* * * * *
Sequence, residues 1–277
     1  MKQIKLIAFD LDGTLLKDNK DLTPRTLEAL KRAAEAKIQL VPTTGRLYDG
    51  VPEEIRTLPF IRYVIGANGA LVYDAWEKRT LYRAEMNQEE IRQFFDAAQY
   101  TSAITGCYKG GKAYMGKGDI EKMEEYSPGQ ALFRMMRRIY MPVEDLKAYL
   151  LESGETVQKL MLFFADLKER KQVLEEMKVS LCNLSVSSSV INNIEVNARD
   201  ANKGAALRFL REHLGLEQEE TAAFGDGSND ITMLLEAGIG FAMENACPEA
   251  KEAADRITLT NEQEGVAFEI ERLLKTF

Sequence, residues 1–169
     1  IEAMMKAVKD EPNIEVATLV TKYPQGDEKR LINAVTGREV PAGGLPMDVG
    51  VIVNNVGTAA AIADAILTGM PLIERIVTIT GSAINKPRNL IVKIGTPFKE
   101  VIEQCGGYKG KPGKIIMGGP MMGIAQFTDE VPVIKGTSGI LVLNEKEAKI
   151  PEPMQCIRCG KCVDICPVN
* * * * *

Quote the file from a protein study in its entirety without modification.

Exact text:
Sequence, residues 1–277
     1  MKQIKLIAFD LDGTLLKDNK DLTPRTLEAL KRAAEAKIQL VPTTGRLYDG
    51  VPEEIRTLPF IRYVIGANGA LVYDAWEKRT LYRAEMNQEE IRQFFDAAQY
   101  TSAITGCYKG GKAYMGKGDI EKMEEYSPGQ ALFRMMRRIY MPVEDLKAYL
   151  LESGETVQKL MLFFADLKER KQVLEEMKVS LCNLSVSSSV INNIEVNARD
   201  ANKGAALRFL REHLGLEQEE TAAFGDGSND ITMLLEAGIG FAMENACPEA
   251  KEAADRITLT NEQEGVAFEI ERLLKTF

Sequence, residues 1–169
     1  IEAMMKAVKD EPNIEVATLV TKYPQGDEKR LINAVTGREV PAGGLPMDVG
    51  VIVNNVGTAA AIADAILTGM PLIERIVTIT GSAINKPRNL IVKIGTPFKE
   101  VIEQCGGYKG KPGKIIMGGP MMGIAQFTDE VPVIKGTSGI LVLNEKEAKI
   151  PEPMQCIRCG KCVDICPVN